Tricky situation for expecting father Dane Coles

EXPECTING FATHER: All Blacks hooker Dane Coles admits he was nervous informing management he needed leave during a crucial stage of the Rugby Championship.
EXPECTING FATHER: All Blacks hooker Dane Coles admits he was nervous informing management he needed leave during a crucial stage of the Rugby Championship.

Hooker Dane Coles nervously told All Blacks Management he needed leave at a crucial time in play.

This was one ruckus Dane Coles wanted to avoid.

Although chuffed partner Sarah was pregnant with their first child, Coles couldn't help worrying about how All Blacks coach Steve Hansen would react to his hooker swapping scrums for a birthing unit at such a crucial point of the Rugby Championship.

From a rugby perspective Coles concedes the timing is hardly ideal; the baby is due in the first week of October, coinciding with the blockbuster test against the Springboks in Johannesburg and at a time when the All Blacks are short of experienced hookers.

Yet there is only one place he wants to be on October 5 and it isn't on a rugby field surrounded by 62,000 screaming South African rugby fans at Ellis Park.

''I was a bit scared, to be honest, about how they would react,'' Coles said when asked how he broke the news to the All Blacks management.

''I told Shandy (manager Darren Shand) and he talked to the coaches and they all said 'that is fine'.''

Forwards coach Mike Cron even offered an innovative solution; by tapping into his computer he joked Coles could remain with the squad and offer support to his partner from a distance.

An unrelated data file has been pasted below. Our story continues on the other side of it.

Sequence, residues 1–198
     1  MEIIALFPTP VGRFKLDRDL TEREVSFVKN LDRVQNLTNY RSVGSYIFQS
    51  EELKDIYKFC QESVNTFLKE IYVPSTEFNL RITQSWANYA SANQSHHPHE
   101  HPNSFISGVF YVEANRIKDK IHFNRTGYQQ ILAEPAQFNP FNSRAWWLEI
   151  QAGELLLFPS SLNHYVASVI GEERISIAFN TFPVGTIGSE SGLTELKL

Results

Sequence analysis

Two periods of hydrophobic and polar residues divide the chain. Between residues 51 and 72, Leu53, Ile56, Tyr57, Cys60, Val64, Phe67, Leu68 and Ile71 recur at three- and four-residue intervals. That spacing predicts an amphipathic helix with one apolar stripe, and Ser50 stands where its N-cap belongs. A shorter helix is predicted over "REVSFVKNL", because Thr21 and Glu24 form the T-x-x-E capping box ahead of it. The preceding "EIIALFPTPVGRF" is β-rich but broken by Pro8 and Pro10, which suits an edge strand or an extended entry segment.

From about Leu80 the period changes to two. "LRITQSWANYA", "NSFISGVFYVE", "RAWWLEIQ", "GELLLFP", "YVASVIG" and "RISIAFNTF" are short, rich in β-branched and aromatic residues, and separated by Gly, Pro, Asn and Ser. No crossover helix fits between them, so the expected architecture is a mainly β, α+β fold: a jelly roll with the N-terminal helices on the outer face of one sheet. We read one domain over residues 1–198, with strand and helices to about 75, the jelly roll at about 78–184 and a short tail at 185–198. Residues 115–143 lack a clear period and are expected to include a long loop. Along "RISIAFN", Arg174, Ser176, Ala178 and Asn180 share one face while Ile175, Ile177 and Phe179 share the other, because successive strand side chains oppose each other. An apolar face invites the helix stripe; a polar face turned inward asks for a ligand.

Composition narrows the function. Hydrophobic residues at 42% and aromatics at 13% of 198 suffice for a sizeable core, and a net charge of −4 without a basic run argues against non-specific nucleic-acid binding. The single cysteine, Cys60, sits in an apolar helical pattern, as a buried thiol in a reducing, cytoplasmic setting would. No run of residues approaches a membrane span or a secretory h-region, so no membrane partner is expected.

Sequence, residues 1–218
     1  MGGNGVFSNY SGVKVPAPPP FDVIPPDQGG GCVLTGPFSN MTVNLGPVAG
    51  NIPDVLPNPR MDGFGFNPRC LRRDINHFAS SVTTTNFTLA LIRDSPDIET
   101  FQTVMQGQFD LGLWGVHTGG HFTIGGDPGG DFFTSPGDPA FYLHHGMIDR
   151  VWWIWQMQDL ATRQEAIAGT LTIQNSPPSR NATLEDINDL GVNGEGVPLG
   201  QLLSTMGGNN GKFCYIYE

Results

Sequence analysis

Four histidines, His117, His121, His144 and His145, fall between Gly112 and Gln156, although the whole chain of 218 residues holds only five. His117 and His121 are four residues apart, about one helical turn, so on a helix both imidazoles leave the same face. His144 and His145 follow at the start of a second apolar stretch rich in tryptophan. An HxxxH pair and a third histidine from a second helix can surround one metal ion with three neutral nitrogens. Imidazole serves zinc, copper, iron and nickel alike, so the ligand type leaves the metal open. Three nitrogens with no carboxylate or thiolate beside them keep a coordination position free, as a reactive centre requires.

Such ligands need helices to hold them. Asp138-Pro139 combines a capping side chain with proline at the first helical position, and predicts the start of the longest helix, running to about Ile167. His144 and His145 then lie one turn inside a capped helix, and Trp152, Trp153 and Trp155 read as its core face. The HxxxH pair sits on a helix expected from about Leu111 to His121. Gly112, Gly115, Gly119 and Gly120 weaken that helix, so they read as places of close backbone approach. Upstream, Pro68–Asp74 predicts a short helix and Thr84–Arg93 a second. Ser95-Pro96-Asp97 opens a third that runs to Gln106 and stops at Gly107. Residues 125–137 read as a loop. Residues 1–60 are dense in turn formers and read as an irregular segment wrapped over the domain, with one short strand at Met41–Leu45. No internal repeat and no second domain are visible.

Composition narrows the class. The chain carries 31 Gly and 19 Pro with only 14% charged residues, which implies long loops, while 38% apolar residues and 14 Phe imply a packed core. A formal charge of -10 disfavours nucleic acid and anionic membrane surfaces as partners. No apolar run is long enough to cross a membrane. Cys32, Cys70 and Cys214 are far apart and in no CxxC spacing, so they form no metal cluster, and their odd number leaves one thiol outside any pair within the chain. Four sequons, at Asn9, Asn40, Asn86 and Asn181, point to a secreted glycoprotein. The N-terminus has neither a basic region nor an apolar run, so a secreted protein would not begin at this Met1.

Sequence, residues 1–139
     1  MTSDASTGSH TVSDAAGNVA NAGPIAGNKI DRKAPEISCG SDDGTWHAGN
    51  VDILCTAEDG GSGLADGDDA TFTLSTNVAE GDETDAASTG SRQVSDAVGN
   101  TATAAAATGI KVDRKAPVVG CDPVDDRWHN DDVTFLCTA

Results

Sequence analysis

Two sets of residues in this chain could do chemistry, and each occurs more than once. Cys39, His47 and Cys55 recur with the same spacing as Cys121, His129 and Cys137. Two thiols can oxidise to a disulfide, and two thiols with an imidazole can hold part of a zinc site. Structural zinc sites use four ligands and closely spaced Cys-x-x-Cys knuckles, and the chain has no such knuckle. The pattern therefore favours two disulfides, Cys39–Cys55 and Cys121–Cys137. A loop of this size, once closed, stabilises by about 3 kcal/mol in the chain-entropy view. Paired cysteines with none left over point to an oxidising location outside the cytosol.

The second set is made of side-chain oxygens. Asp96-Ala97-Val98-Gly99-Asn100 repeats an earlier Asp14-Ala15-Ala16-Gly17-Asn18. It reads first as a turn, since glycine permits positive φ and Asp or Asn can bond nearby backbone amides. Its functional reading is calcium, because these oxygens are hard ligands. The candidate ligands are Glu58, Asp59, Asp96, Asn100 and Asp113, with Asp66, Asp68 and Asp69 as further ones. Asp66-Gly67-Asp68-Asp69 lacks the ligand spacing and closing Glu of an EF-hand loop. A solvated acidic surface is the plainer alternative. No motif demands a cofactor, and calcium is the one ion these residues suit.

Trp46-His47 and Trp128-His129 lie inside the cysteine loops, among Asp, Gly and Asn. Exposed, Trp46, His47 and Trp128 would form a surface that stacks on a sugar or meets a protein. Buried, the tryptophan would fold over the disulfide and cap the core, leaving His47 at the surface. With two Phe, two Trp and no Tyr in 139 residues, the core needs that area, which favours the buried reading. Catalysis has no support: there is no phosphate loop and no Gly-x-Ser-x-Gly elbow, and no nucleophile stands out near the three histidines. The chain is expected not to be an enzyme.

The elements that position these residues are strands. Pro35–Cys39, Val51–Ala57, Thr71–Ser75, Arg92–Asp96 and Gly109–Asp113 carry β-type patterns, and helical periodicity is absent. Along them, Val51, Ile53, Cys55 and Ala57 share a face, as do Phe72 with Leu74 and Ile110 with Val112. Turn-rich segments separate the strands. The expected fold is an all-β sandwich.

''I think Cronno said 'hasn't he heard of Skype?' so there was a little laugh there,'' Coles added.

''But they have been really good. I think most of them are fathers and know how important it is to be there.''

The plan is for Coles to play Argentina at La Plata on September 27 and then fly back to New Zealand, leaving Keven Mealamu and Bay of Plenty's Nathan Harris to prepare for the test in Jo'burg.

This leaves Hansen to fondle the worry beads as he urges Mealamu not to put his troublesome calves under too much stress.

If Mealamu keels over the inexperienced Harris will be pitched into the Ellis Park furnace against Bismarck du Plessis and another player, possibly Otago's Liam Coltman, will need to be recruited from New Zealand.

This scenario once again highlights the need for Hansen to build depth at hooker because Mealamu, 35, is no certainty for next year's World Cup and Andrew Hore (retired from professional sport) and Corey Flynn (signed with French club Toulouse) are unavailable.

Last month Conrad Smith withdrew from the Wallabies test in Sydney, returning to Wellington to support his wife who was expecting their first child.

The disruption caused by going on baby-watch during a World Cup campaign was not lost on Coles.

''If I have another one, there will be a bit of planning,'' he conceded.

Engaging the respected Argentinean scrum at Napier's McLean Park on Saturday night seems to be a much less complicated affair.

''They gave the Africans a bit of a touch-up. They will scrum from anywhere and keep the ball in from like our 22m or their 22m just to milk that penalty.

''Even their loosies are pushing like front rowers. We have just to change our mindset that it is going to take an eight to really take them up front.''